Emily Vance photo - Theresa Whitely and Phil Dwyer have been working together in the music world since they met in the 1990s. The two are the new heads of the music program at The Old School House Arts Centre in Qualicum Beach.

Dynamic duo bring decades of musical expertise to Qualicum Beach

Phil Dwyer and Theresa Whitely are the new music program directors at TOSH

Phil Dwyer and Theresa Whitely are no strangers to working together.

In addition to celebrating their 30th wedding anniversary in the fall of 2019 — the two have been collaborating to put on events for quite some time.

The power couple have taken over directing the music program at The Old School House Arts Centre in Qualicum Beach, a role previously filled by Ron Hadley.

“We’ve been doing this together forever. Going back to Toronto days, we basically always worked together. It just seems to be a fairly organic division of labour,” said Whitely.

Whitely does administrative and behind the scenes work, and Dwyer does the booking and communicating with the musicians. Dwyer is the “quirky ideas” half of the duo, and Whitely is the “common-sense, get ’er done” side of things, according to Dwyer.

READ MORE: From NYC to Qualicum Beach: Illana Hester is the new face of TOSH

The two initially met in Toronto. Whitely was working in jazz clubs in the city when she met Dwyer.

They fell in love, though, in London, England. Whitely had been travelling and working abroad, and Dwyer was touring as a jazz musician when he came through the jazz club she was working at.

“The spotlight was shining on him, and he was playing a solo, and I was like ‘look at that guy!’” said Whitely with a laugh.

The rest is history. From Toronto, the two moved to Qualicum Beach. Whitely opened Oceanside Yoga Centre in 2005, and Dwyer has continued to build a successful career as a jazz musician.

Dwyer’s extensive discography is peppered with accolades, including two Juno awards (for Best Mainstream Jazz Album in 1994, and Contemporary Jazz Album of the Year in 2012), six Juno nominations and not least, becoming a Member of the Order of Canada.

“We’re very supportive of each other, and what we want to do. It’s not easy to be a musician, it’s not easy to be a yoga teacher. We both go OK — if that’s what your passion is, then do it,” said Whitely.

Dwyer plans on leveraging his extensive connections in the jazz world to bring a bit of a new flavour to TOSH, while still retaining a strong focus on the classical music the venue is known for.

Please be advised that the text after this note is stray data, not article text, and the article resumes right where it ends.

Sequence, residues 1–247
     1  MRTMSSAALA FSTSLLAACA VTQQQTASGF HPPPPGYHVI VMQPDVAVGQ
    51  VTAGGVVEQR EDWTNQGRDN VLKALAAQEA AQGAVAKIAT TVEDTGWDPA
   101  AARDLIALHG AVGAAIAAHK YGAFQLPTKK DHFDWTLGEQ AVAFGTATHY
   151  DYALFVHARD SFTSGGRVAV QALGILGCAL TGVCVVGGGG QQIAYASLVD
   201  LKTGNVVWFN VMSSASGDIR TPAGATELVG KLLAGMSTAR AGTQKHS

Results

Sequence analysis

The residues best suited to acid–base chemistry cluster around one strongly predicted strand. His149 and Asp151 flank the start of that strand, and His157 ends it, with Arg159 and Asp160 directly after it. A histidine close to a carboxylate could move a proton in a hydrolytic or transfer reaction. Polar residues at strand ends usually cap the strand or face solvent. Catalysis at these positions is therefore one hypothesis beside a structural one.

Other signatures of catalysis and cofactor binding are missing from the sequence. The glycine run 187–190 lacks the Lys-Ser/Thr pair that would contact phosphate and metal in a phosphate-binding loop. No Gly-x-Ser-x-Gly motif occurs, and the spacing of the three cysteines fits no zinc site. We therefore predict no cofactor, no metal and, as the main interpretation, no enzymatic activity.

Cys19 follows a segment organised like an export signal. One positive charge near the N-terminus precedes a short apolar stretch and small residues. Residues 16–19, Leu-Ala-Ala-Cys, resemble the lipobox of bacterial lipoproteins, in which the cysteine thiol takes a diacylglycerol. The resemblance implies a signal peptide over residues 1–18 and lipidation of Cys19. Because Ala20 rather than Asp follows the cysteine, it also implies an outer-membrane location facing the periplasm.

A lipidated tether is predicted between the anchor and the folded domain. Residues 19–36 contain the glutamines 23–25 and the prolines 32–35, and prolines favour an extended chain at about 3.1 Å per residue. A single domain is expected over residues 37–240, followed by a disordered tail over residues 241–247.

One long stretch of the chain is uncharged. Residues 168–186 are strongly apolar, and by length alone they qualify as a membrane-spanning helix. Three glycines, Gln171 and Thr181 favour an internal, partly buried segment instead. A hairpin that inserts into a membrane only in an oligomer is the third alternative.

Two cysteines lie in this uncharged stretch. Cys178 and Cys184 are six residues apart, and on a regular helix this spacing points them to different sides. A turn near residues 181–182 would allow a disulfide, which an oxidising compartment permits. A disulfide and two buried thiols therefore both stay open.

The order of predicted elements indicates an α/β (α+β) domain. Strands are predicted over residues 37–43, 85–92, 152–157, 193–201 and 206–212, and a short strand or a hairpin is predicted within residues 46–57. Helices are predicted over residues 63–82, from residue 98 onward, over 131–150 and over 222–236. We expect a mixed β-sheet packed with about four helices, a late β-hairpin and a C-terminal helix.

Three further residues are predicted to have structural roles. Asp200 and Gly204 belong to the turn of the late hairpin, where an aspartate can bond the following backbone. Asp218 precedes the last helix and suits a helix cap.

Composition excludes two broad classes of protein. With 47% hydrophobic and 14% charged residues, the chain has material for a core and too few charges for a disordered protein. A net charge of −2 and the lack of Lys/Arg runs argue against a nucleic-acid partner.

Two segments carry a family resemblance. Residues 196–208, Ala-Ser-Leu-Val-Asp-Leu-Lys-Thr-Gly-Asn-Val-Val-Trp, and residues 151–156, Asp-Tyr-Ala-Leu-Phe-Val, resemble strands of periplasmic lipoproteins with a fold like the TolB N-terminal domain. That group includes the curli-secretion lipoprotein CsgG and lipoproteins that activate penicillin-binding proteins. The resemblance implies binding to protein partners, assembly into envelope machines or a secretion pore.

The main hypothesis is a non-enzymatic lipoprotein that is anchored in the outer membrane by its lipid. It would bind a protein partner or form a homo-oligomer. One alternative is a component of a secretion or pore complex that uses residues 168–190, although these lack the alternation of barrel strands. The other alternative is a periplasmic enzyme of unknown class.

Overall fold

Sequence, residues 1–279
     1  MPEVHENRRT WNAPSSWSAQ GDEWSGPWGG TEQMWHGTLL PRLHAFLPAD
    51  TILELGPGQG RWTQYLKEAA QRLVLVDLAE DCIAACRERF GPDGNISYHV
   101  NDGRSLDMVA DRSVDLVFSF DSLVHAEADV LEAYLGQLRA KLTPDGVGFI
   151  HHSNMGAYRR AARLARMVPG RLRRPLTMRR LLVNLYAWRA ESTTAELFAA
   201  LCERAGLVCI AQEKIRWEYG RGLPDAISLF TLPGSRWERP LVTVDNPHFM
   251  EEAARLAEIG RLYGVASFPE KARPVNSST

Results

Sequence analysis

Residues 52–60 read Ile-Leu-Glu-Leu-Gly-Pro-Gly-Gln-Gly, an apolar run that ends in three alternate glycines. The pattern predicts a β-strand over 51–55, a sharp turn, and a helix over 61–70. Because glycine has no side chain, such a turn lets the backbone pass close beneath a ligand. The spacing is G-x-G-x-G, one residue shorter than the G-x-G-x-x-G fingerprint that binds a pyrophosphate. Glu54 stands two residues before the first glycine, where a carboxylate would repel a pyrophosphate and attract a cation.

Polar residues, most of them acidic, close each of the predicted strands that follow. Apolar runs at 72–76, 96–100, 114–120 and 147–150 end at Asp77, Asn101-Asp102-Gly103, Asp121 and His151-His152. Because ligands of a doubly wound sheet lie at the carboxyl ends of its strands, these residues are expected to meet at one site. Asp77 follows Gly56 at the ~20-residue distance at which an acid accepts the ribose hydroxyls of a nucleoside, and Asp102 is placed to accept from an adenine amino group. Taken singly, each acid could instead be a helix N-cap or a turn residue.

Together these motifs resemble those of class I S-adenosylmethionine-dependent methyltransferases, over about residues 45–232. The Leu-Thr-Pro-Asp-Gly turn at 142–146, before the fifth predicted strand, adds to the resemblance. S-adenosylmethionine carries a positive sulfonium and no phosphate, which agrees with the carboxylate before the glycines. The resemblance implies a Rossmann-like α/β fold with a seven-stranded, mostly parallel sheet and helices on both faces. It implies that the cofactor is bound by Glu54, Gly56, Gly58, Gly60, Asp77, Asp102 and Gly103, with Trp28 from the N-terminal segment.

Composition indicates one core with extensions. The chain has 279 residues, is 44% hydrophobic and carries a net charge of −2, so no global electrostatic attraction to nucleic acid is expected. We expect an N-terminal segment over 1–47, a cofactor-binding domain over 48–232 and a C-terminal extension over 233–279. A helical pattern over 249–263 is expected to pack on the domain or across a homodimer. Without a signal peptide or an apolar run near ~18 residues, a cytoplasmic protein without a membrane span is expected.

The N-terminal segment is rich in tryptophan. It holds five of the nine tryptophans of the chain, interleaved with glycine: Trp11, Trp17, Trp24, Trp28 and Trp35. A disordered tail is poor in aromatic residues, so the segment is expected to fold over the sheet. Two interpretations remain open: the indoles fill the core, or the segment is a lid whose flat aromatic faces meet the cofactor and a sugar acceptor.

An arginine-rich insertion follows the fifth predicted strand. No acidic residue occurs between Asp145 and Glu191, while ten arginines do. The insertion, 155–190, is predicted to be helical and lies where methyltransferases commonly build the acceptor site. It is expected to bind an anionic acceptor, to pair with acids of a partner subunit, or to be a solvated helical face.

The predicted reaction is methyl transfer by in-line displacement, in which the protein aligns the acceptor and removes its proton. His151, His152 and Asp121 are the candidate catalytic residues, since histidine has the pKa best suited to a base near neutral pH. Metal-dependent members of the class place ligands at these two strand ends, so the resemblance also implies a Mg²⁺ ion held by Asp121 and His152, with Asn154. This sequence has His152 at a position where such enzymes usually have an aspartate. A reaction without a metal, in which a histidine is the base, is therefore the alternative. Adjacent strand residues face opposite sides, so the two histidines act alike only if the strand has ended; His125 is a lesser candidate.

READ MORE: Former TOSH director: ’ I will miss that challenge’

“We’ll probably just broaden the palate a little bit, in terms of that. Of course, we have a lot of connections in the jazz community. We try to take advantage of touring groups,” said Dwyer.

Typically, the series would bring in a soloist and put a local band as backing behind them. Dwyer will try to shift the focus to bringing in full touring bands to the venue.

The fall 2019 series was booked by Hadley. As of January of 2020, the two will be officially putting their stamp on the musical menu on offer at Qualicum Beach’s arts hub.

They’ve snuck in a couple additional shows for the fall as well, including blues guitarist David Gogo on Nov. 1.

“He usually plays big blues festivals for thousands of screaming fans. So this is a pretty unique opportunity for people to check him out — he’ll be four feet away from you,” said Dwyer.

This fall, the Music On Sunday program takes place weekly at TOSH from 2:30 p.m. to 4:30 p.m.

It kicks off on Sept. 15 with string group the Echéa Quartet. Sept. 22 will bring Dublin singer/songwriter Terry Boyle alongside Riverdance fiddler Ceilidh Briscoe.

READ MORE: PHOTOS: TOSH’s Grand Prix d’Art in Qualicum Beach

The first concert of 2020 will feature jazz guitarist Oliver Gannon with local bass player Ken Lister.

There’s also a special treat for fans of Beethoven on the anniversary of his 250th birthday — two back to back weekends celebrating his music. One will feature the Emily Carr string quartet, and another a showcase of Beethoven’s piano sonatas.

Whitely and Dwyer are excited about the level of artistic talent in the Parksville-Qualicum Beach area, and have a far-reaching vision of continuing to elevate the arts scene on the mid-Island.

“TOSH could be one really important node on a whole regional program of marketing this area as a real arts hub. And it should be. We’re getting enough of a critical mass of people that are tired of paying what you have to pay to live in a big city. Artists, musicians, all kinds of people,” Dwyer.

“I think that this could become a real major destination for the arts,” said Dwyer.

With the depth of volunteer expertise at TOSH, a supportive Board of Directors, and a wealth of musical and other artistic talent in the area, it seems as though music and arts lovers in Parksville Qualicum Beach have a lot to look forward to.

To keep up with the musical events offered, check out TOSH’s website at www.theoldschoolhouse.org/music-events.

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